Getting Ready for US Energy Independence
The U.S.’ long-term goal towards energy independence offers opportunities for retrospect and change. For investors, it encourages acquisition of new oil investments or expansion of existing ones.
But is this long-term dream really achievable? Experts have every reason to believe that energy independence is attainable by 2035. The U.S. has vast energy resources. More so, it is the world’s focal point of cutting-edge oil exploration and drilling technology. The country’s strength also lies in cheaper costs of capital as well as reliable legal systems that support development and exploration of oil resources.
For many years, the dollar has weakened largely due to the U.S. trade deficit. Oil imports have negatively affected trade margins, causing a strain on the dollar.
Many experts have been pushing for reliance on domestic oil output, although others have remained sceptical about relying solely on local supply. Nevertheless, optimists believe the U.S. has a very big chance of realizing energy self sufficiency while maintaining a healthy local demand scenario.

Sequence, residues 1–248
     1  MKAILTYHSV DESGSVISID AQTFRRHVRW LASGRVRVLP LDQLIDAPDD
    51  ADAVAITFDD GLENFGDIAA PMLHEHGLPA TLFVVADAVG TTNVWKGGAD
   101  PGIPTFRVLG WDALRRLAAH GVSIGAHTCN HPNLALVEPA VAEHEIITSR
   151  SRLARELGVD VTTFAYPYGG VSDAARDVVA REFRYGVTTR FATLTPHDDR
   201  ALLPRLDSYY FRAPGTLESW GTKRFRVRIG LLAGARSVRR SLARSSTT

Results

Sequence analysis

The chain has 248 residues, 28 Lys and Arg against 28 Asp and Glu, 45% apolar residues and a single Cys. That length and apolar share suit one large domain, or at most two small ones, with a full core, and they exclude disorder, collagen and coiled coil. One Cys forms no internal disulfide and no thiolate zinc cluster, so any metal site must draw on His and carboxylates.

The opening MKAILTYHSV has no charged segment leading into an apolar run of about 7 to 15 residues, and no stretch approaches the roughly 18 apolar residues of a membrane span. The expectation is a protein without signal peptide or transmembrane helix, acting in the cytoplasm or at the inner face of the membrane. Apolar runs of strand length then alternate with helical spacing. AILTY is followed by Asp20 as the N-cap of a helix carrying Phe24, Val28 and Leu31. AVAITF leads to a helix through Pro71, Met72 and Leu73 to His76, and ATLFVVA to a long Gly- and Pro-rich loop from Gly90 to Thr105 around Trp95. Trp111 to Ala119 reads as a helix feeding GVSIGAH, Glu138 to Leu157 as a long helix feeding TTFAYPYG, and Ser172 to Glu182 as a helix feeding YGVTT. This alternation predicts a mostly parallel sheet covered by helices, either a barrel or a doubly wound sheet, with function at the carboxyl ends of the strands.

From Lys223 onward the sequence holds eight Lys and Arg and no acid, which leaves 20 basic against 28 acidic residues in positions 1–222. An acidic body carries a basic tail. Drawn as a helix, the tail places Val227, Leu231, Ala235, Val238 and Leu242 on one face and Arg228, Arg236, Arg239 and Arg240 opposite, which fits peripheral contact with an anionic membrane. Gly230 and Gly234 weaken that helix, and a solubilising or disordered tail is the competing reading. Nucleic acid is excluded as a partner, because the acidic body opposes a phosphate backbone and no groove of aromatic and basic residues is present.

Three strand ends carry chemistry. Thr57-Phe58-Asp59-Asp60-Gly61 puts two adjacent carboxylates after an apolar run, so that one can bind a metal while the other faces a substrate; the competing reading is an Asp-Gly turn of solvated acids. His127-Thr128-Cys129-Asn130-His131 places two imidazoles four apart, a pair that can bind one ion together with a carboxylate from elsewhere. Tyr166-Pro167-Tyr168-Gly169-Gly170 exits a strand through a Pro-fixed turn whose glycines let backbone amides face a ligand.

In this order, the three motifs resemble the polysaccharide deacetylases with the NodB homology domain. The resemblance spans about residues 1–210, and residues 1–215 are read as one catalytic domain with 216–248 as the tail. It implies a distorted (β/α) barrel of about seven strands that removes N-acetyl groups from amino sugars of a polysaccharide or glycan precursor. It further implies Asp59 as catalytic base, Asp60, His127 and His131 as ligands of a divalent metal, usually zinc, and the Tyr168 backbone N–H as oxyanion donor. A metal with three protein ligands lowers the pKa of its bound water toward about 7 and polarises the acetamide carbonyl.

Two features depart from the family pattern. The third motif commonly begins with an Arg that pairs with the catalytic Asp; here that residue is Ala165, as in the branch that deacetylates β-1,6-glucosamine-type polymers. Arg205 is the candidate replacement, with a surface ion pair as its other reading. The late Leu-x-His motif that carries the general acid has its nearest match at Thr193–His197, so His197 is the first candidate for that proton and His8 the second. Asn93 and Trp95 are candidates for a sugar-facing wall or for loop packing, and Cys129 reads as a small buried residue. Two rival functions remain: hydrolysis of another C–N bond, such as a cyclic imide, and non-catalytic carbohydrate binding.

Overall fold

Some have noted that if the country is serious about improving its trade margins, government should update old laws that inhibit oil exportation, especially when there’s a continuing surge in oil supply. These laws were founded on the long-standing assumption that countries will soon run out of oil.
Given that the biggest oil consumer – the U.S. – has adequate domestic oil resources and that local demand is assured, looking for local oil producers is surely the way to go. Experts agree that those that could deliver steady oil supply and favorable ROIs are good targets. Right now, there are many local producers waiting to be tapped.
Those investing in oil are advised to look into new exploration opportunities, high-yield MLPs, and stocks of oil producing firms with a good track record of managing expenditures.
Maintaining a diverse oil investment portfolio is also suggested by experts. Companies engaged in exploration and production as well as oil and gas technology providers and related services firms are prime considerations.